For a short time today Susan was “roused” just a bit from her deep sedation. Although just barely floating on the surface of cognition, she was able to respond appropriately to requests of squeezing a hand, or moving her foot a bit. All very positive and just as it “should” be, considering the circumstances. It is so evident that no one thing exists independent of anything else. The connectivity of each little piece (and BIG piece) of Susan’s care is apparent in every action. One seemingly little thing sets in motion a whole collage of outcomes. We are witnessing miracles of all kinds, even when we cannot see them.
When I was able to see Susan today while she was in a less sedated state, her daughter said to her, “Kathryn is here!” and my dear friend tried valiantly to open her eyes. For me, that was the warmest hug I could have ever hoped for. As we talked to her, and to one another, it was clear that Susan was able to take in some (or all) of what was being said.
Our close friend, Kathleen, received permission from the staff to bring in her harp and play some beautiful tunes while Susan was being roused. I have no doubt that Susan knew exactly who was there playing for her, as she so openly enjoys Kathleen’s playing whenever it is possible to hear her. In a later conversation with the nurse that was in Susan’s room today, the nurse relayed that everyone on the floor thoroughly enjoyed the enchanting music. I asked how often they have had a harp played in someone’s room (in an ICU), and she said, most definitively, “Never! This is a first!” I’ll bet it’s not the last.
She had a good night last night. They took one balloon support pump out this morning and that is good. Every time they take one thing out it is a win. We stay the course and wait. She remains critically/stable. Thank you for checking, for prayers, and for good thoughts. Duke is now aware of her although a transport would not benefit us in any way now. We wait.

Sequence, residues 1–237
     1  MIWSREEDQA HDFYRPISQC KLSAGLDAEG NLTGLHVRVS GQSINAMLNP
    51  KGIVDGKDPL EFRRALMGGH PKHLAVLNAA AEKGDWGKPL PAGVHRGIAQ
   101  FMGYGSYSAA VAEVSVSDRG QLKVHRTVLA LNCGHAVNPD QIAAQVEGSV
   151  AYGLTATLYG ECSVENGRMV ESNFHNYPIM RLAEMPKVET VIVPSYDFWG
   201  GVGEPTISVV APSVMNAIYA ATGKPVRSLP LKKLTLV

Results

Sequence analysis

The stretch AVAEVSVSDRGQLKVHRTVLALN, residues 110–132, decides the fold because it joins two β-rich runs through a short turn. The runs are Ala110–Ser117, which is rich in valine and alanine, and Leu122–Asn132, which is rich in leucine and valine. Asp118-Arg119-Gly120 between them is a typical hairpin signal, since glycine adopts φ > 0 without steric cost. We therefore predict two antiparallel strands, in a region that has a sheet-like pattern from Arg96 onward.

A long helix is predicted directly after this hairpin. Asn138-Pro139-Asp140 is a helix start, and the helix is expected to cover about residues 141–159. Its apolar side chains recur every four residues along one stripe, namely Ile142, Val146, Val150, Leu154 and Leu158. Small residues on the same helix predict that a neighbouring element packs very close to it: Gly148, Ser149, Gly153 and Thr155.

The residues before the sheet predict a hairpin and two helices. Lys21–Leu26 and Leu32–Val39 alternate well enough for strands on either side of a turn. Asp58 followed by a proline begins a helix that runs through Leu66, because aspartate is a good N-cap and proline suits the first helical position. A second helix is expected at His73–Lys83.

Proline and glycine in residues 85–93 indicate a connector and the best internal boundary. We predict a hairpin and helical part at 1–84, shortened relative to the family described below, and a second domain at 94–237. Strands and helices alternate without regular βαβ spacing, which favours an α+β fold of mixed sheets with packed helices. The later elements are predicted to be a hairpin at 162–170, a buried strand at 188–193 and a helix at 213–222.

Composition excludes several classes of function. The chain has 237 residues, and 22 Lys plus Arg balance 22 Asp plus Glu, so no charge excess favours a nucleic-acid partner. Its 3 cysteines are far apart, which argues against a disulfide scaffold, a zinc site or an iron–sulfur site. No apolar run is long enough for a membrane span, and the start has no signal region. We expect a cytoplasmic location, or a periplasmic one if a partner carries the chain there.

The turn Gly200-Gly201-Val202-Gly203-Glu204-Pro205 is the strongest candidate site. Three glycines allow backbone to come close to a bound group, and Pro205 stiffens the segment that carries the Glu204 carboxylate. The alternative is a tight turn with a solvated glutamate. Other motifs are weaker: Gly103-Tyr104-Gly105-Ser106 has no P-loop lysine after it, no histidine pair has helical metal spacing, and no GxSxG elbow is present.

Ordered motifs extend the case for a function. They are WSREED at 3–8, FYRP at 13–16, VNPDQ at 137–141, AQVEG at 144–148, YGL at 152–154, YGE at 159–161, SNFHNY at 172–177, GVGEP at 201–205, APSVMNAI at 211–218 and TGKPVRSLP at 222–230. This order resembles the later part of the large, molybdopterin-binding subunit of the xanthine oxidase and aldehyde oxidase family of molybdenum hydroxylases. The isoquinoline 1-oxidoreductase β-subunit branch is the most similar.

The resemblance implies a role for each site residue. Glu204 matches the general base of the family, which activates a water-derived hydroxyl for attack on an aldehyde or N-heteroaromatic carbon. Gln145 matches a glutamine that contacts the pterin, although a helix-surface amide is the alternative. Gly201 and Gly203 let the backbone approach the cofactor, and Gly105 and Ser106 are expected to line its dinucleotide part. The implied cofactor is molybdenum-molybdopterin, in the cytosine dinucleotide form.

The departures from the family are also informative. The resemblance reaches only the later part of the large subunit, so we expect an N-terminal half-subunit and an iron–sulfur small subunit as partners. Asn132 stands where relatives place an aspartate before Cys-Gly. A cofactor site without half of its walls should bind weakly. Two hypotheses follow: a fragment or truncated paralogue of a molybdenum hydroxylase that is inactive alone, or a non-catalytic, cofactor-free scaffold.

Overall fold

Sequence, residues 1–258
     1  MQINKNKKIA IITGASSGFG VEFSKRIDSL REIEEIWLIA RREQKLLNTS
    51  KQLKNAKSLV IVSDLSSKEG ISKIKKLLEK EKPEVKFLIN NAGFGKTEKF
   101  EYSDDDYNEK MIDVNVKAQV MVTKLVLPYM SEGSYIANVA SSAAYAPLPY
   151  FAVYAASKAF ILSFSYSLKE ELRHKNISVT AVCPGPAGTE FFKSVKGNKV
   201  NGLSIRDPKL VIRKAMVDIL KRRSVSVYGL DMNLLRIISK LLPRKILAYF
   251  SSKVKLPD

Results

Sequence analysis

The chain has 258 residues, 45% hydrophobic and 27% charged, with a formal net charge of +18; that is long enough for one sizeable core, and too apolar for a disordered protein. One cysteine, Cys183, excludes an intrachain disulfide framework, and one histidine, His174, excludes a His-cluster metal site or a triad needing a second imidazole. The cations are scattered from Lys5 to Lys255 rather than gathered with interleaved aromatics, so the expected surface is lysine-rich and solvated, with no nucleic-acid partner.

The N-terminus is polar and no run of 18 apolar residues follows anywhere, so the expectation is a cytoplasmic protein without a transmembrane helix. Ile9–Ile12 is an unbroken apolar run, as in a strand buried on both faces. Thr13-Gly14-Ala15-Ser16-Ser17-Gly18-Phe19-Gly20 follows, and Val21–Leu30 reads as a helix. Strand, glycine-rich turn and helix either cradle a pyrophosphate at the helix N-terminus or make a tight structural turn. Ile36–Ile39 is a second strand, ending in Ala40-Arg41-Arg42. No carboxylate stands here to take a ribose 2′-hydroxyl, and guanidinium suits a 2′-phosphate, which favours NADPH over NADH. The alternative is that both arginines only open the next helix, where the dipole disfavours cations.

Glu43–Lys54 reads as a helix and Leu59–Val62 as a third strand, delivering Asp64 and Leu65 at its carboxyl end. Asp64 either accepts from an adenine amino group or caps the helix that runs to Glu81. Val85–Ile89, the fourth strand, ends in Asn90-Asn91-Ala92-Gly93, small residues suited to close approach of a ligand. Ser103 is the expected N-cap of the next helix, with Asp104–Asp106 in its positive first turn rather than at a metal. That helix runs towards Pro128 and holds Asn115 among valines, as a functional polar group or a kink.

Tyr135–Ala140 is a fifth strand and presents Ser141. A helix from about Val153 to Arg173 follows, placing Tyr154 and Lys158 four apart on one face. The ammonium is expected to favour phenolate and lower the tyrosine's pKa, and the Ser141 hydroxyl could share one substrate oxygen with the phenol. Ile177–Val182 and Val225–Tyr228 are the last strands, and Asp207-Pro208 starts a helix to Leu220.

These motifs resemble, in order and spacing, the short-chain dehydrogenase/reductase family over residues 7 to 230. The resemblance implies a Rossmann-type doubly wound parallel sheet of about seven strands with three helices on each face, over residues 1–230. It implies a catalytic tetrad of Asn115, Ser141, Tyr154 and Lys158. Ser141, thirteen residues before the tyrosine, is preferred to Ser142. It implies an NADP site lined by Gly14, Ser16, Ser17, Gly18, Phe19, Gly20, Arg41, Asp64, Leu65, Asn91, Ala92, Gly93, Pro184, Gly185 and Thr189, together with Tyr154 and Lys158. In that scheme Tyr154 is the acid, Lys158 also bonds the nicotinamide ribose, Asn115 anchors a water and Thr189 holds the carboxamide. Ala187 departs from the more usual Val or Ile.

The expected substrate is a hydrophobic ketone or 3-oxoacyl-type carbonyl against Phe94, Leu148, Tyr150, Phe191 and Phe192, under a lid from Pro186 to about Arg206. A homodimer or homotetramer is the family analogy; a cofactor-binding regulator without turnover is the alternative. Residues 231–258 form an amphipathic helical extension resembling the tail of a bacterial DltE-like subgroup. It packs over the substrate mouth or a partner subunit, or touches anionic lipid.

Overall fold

… especially in a hospital, and MOST especially with a patient in a hospital CVICU (Cardiovascular Intensive Care Unit). Susan continued to have a “good day” on Friday, a day with no change, resting with ease under the gift of sedation while her heart continues to mend. The nurses, technician, and doctors who tend to her every need on a minute-to-minute vigil are all wonderful, intensely skilled, talented and committed individuals. She is NEVER left alone in her room, not even for one moment! It is with awe and amazement I watch the dance of care on her behalf. Gratitude seems insufficient to express how we are all feeling about the level of care Susan is receiving.
Today will be another day of rest for Susan … they no longer plan to challenge her heart by lowering the assistance she is receiving from the RVAD, feeling another couple of days (or more?) are what is needed before that is done. The doctors agree that the prolonged sedation is not a long-term problem, as is doing her much good as it provides the environment her body needs for recovery.
It was a bit difficult to hear that they would not do the procedure to see if her ventricle could begin to work on its own. It is easy to cling to anything that could be interpreted as “moving forward”, and that was certainly a marker that many of us here were focusing on. Of course, we only want the proverbial “what is best for Susan”, and it is challenging to be in the “impatiently wait – patiently” mode that Anna has so eloquently expressed from time to time.
So, today there is more being together, lovingly holding the space for healing as a sacred vessel.
She had a bleed last night that was very scary and required surgery in the ICU room. Doc said she’s the sickest person In the hospital right now…Then had a quiet restful night just what she needs. All her vitals are good and they are pleased with the way her blood thickness is this am so they are able to add some anti coagulants to prevent clots forming. We hope and pray the day continues to be restful for her. Right ventricle will be tested again in 48 hours. Patiently- impatiently waiting. My dad is driving over and more aunties are flying/driving in. Still praying.